Tag Archives: Sharif Saedi

World Poetry Canada International Advisors and Directors!

 

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World Poetry Canada International Advisors and Directors. More to come…

They will be participating on the World Poetry 24 hour around the World Peace Poetathon, September 21st and also in the Fifth World Poetry Canada International Peace and Human Rights Festival 2016.

Advisors:
 Dr. Hadda Sendoo, Mongolia
Yoshifumi Sakura, Japan
Dr. Stephen Gill, India and Canada
Elaine Woo, Canada
Wanda Kehewin , First Nations, Canada
Mamta Agarwal, India
Adisa AJA Andwele, Barbados and US
Juliet ‘Kego Ume-Onyido, Canada.

Directors:
Alaha Ahrar, Afghanistan and US.
Kwame Yirenkyi, Ghana and Canada
Michael Kwaku Kesse Somuah. Ghana
Sharif Saedi, Afghanistan
Oswald Okaitei , Ghana
Olajuwon Timileyin, Nigeria
Mutiu Olawuyi, Gambia
Musa Musavi, Afghanistan
 Caroline C. Nazareno, Philippines.

*Posted with their permission.

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 Festival 2014.

World Poetry Presents the Award Winning Filmmaker Sharif Saedi !

Ariadne’s notes: Due to the tremendous workload during the Fourth World Poetry Canada International Peace , Film and Human Rights Festival during October 2014, we were not able to acknowledge the wonderful films and contributions of award winners.  Therefore we will  begin to do so now and  add updated statements and photos.

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Award winning filmmaker and director Sharif Saedi is also a World Poetry Canada International Director who is working on creating an theatre and cinema organization for girls and boys in Herat, Afghanistan.  He is helping to create a empowered world for youth who need our support and caring.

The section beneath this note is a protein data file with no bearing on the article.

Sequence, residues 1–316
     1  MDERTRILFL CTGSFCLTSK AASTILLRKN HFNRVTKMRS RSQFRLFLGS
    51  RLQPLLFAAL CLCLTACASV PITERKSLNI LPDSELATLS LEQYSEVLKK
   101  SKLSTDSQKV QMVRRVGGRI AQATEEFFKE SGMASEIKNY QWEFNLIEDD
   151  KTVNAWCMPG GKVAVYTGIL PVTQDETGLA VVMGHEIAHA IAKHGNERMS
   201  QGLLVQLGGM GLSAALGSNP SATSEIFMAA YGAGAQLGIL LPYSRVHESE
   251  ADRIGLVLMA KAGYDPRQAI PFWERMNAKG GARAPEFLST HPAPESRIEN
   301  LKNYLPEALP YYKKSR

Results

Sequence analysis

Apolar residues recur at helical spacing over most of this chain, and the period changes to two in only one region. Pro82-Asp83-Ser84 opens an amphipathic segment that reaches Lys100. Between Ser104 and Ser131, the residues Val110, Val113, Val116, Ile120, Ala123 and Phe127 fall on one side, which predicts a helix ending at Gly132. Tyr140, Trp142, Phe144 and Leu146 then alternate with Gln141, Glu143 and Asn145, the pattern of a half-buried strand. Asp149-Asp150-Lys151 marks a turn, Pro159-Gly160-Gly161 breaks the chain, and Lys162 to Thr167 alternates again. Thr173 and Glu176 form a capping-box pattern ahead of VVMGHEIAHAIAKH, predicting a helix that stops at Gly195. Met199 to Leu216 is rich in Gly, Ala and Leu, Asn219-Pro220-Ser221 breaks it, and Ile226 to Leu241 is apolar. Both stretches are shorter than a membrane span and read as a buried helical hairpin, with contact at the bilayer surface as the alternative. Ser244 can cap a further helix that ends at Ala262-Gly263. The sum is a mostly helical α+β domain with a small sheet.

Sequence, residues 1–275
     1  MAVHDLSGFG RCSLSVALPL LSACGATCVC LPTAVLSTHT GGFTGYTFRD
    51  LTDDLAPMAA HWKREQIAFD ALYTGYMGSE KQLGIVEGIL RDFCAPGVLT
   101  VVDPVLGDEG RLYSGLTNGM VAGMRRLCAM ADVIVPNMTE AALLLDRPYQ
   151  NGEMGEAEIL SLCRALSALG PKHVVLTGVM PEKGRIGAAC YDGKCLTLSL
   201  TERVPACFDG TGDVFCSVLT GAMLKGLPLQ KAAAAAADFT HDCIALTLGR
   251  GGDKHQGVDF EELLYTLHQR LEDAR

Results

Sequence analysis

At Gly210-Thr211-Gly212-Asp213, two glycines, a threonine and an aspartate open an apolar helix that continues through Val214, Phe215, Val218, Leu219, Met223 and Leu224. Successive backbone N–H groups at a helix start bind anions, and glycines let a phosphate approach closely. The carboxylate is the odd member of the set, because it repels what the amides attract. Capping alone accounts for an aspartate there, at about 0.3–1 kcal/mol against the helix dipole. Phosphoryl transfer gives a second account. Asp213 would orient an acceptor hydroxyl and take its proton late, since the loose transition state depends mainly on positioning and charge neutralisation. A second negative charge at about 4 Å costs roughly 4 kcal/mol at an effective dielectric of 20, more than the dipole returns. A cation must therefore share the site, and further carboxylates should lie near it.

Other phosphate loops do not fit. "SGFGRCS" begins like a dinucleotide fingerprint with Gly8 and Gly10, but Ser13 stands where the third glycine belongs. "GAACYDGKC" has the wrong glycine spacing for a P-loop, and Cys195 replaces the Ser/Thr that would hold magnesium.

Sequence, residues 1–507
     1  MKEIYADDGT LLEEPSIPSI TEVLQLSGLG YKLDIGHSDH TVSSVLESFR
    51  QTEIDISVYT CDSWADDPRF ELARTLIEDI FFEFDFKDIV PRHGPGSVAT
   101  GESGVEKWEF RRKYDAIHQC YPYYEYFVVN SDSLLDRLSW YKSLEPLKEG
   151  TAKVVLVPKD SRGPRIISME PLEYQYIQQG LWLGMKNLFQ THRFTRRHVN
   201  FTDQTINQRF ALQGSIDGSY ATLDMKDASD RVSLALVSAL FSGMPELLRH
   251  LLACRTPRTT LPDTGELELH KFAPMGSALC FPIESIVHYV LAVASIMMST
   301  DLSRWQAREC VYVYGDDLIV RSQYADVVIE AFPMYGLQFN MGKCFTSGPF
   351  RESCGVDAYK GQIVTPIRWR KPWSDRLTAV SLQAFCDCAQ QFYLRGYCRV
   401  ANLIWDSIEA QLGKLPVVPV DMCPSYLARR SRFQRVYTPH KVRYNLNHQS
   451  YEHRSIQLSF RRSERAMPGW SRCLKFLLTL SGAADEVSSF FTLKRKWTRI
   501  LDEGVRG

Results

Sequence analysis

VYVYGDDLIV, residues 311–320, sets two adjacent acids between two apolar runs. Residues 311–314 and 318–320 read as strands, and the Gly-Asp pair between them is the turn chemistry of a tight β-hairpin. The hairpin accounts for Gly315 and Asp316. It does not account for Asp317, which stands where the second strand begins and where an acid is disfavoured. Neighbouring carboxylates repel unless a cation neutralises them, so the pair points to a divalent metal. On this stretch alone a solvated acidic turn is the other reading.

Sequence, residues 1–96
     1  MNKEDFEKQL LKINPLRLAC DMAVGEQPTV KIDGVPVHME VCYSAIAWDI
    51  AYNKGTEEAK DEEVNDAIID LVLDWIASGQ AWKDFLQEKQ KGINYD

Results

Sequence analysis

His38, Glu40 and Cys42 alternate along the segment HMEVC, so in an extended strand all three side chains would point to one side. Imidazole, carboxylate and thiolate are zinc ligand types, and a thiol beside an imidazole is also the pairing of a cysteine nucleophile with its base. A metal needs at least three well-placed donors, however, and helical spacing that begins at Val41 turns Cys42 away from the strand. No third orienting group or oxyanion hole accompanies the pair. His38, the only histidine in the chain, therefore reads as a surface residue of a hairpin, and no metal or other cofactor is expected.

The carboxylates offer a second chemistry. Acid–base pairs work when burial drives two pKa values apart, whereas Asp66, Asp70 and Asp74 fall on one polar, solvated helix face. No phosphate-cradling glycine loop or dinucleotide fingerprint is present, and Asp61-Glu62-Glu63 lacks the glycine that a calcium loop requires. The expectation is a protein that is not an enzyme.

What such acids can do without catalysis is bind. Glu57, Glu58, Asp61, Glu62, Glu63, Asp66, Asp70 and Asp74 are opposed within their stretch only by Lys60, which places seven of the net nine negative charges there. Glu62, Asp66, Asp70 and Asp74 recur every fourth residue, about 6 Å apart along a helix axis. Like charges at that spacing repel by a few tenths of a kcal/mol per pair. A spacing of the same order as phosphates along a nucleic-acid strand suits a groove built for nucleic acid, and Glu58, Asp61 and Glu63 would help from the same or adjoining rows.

I am Sharif Ahmad Saedi, an Afghan journalist and documentary film maker. I spent my childhood and adolescence in a village in the west of Herat; western province of Afghanistan. My childhood and teenage years passed under Mujahidin and the Taliban and during the Afghan civil war.

Along with learning English and computer, I finished sixth and seventh grade at Salahuddin Saljooqi High School in Herat province. I finally graduated from Enqelab High School in Herat province in 2006.  

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Since the beginning of my teenage years, I have been interested in art and literature. After passing the public universities’ entrance test (Kankor), i got admitted into Herat University Faculty of Journalism and Mass Communications. I graduated from Herat University in 2011. Parallel to my university years, I worked for some local media including. This made me interested in photography and documentary film making.

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(Month long display at Irving Barber Learning Centre, UBC Library. Vancouver, BC. Poster of film  award winning film Life in Thirst far left. 24 hour video film screen on right)

I have made few documentaries and short films that have been warmly welcomed by the local film critics. “City Rhythm, Silence, Mechanical Eye, For My City, Silk, Life in Thirst” are some of my works that brought me some remarkable local and international awards.